U.S. Attorney General Eric Holder testifies during a hearing before the House Judiciary Committee on oversight of the U.S. Department of Justice May 15, 2013 on Capitol Hill in Washington, DC. Holder faced questions on reports of the subpoena of two months worth of Associated Press journalists' phone records and the Internal Revenue Services' scrutiny of conservative organization's tax exemption requests. (Photo: Alex Wong/Getty Images)
Attorney General Eric Holder has been under intense fire lately, having to answer for his involvement in several scandals, including two separate media cases with the Associated Press and a Fox News reporter. But now a new report paints him as deeply convicted -- even sorry -- over at least one of them.
Although Holder had recused himself of the case where phone records of several Associates Press editors and reporters were obtained, he personally signed off on the search warrant that allowed emails from Fox News' James Rosen to be released. Rosen was not made aware of the warrant for his emails, which were part of an investigation of State Department adviser Stephen Kim, who faces charges of leaking secret information about North Korea.
The Daily Beast in a recent feature said Holder is "soul searching," wondering if he should have signed for Rosen's emails in the first place. It stated the "gravity of the situation" to Holder didn't really hit him until Monday last week when he read the Washington Post's report exposing the affidavit that labeled Rosen as “at the very least ... an aider, abettor and/or co-conspirator."
"Holder knew that Justice would be besieged by the twin leak probes; but, according to aides, he was also beginning to feel a creeping sense of personal remorse," the Daily Beast reported of Holder after he had read the Washington Post's article.
It stated that sources close to Holder claim he is "stung by the leak controversy."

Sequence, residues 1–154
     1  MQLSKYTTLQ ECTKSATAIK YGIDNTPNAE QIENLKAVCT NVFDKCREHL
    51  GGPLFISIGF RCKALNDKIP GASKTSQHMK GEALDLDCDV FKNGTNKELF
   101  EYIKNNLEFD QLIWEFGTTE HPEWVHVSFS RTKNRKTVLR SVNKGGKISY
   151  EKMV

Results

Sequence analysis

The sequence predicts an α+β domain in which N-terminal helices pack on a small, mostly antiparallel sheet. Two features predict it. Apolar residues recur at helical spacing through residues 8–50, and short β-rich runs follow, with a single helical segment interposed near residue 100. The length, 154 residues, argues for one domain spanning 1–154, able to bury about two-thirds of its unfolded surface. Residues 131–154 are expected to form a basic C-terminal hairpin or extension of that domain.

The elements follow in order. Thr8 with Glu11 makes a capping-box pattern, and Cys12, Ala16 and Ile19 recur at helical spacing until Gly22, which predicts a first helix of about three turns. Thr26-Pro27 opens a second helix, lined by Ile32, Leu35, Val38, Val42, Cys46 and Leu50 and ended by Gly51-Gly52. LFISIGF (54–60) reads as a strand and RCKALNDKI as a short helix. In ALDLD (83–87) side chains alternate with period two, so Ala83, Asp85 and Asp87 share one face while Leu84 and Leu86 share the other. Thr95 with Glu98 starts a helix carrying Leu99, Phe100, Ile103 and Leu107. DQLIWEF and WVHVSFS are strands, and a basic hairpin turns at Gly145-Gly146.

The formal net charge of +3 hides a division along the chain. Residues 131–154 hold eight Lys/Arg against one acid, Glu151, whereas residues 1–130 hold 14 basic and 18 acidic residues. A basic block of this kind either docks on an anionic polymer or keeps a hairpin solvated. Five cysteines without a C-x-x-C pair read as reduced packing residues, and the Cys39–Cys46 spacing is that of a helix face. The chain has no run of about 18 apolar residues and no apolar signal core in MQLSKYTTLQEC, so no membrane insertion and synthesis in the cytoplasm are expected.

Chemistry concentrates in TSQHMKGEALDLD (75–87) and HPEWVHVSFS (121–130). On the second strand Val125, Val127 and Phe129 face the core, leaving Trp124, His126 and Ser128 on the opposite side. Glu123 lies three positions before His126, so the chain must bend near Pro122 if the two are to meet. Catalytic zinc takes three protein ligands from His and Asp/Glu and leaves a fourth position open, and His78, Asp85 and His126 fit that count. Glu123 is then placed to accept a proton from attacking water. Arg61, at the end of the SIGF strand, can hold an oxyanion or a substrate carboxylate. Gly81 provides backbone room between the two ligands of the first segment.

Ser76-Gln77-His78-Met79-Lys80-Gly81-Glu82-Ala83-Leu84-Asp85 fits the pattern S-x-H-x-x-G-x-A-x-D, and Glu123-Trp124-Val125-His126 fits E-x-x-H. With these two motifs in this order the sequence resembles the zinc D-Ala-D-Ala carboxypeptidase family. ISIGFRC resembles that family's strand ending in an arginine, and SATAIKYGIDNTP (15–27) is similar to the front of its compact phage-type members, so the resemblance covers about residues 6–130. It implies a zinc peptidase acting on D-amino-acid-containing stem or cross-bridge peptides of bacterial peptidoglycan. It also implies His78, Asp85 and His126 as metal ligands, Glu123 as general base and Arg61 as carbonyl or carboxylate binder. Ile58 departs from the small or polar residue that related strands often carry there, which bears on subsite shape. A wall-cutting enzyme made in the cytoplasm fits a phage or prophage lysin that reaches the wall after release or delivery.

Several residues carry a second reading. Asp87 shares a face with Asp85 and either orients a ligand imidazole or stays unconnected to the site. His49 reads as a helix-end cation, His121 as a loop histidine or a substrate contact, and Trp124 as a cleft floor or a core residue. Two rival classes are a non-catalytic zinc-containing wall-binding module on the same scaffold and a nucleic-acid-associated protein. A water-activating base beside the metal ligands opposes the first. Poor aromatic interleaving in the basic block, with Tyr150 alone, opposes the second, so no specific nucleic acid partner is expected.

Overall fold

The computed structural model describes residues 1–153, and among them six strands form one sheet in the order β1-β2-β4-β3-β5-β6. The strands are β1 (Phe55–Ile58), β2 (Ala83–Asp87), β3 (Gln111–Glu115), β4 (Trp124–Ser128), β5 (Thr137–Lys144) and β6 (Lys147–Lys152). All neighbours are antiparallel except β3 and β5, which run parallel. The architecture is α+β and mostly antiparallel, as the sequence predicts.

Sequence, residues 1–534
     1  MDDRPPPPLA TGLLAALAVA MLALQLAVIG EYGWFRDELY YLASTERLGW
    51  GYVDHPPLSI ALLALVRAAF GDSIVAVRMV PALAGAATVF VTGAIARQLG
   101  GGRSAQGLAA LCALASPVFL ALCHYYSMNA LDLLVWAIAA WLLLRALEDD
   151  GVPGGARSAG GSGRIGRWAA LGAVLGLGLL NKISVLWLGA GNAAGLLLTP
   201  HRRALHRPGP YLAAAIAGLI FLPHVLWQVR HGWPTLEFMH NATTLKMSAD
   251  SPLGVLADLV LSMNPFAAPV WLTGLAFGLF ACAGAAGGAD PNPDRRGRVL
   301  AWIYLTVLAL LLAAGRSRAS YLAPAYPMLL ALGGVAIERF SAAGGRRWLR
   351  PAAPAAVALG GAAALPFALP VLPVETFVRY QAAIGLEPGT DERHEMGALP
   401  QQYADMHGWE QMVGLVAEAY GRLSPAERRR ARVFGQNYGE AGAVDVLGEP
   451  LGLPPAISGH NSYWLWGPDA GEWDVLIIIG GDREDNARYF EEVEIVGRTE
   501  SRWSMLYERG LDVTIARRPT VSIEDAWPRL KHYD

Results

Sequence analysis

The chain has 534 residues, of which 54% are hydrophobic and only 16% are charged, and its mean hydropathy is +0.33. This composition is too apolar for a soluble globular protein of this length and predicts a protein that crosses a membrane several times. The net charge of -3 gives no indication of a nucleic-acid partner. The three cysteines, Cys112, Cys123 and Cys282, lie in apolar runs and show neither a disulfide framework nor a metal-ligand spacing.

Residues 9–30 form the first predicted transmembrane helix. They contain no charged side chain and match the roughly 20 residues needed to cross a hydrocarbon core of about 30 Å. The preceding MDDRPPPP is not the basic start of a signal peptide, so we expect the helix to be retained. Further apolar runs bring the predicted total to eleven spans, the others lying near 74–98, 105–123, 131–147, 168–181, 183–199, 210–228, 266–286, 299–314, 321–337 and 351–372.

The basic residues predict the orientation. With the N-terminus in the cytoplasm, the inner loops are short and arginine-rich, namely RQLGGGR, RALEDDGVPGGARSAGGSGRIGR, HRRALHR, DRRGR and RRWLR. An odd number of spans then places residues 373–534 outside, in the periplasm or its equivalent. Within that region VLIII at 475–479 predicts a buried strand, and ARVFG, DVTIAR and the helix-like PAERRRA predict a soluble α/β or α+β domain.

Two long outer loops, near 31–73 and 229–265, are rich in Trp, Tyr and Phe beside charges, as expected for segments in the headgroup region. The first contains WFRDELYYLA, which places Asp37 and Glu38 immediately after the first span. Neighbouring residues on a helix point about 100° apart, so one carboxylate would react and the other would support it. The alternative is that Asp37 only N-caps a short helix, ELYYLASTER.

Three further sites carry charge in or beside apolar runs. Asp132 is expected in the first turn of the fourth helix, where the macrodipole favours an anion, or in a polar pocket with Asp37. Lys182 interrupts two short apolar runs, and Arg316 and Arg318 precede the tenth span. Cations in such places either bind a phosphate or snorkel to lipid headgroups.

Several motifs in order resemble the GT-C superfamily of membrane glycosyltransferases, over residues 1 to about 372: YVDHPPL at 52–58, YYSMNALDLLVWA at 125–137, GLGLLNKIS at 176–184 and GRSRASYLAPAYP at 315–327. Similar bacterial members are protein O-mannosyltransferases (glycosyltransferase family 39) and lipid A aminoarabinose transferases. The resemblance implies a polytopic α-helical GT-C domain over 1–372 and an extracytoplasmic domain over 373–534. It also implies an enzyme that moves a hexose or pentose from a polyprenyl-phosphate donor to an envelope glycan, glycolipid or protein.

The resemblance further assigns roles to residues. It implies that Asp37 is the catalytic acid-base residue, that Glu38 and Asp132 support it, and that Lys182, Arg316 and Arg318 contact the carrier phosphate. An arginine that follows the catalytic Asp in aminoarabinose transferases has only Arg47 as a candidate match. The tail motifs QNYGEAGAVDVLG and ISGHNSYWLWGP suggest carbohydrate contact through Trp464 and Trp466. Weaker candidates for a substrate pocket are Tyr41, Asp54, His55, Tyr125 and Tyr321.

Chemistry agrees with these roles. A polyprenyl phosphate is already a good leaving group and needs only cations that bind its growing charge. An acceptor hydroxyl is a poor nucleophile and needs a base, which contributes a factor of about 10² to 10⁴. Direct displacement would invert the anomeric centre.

Ideas -- not excuses -- for why he did sign off on the warrant for Rosen's emails are offered by the Daily Beast, such as the pressure to investigate and prevent leaks by the administration and gaps in the DOJ's guidelines:
But ultimately none of that fully explains why Holder would have signed off on such a controversial search warrant. Holder, his aides say, believes there may also be a cultural factor at the root of his decision. Prosecutors tend to have a somewhat insular mindset, not always able to see clearly beyond the walls of their cases. They are often dogged investigators, trained to vacuum up as much evidence as possible to sustain convictions in courts of law. That sometimes means taking maximum advantage of every law and procedural rule. It also can mean seeing every activity of those in their sights through a more sinister lens than may be justified.
Holder and the Justice Department have said they will be conducting investigations into both cases and are taking more proactive measures to restore the Justice Department's reputation.
“While both of these cases were handled within the law and according to Justice Department guidelines,” Holder told The Daily Beast, “they are reminders of the unique role the news media plays in our democratic system, and signal that both our laws and guidelines need to be updated.”
“This is an opportunity for the department to consider how we strike the right balance between the interests of law enforcement and freedom of the press," he said.
To start, Holder is inviting major media representatives to meet, perhaps this week, in an effort to get their thoughts and ideas about updating the department's leak investigation guidelines.
"Look, Eric sees himself fundamentally as a progressive, not some Torquemada out to silence the press,” an unidentified friend said, referencing a famous chief inquisitor of the Spanish Inquisition.
Read more of the featured on Holder's state amid the scandals here.
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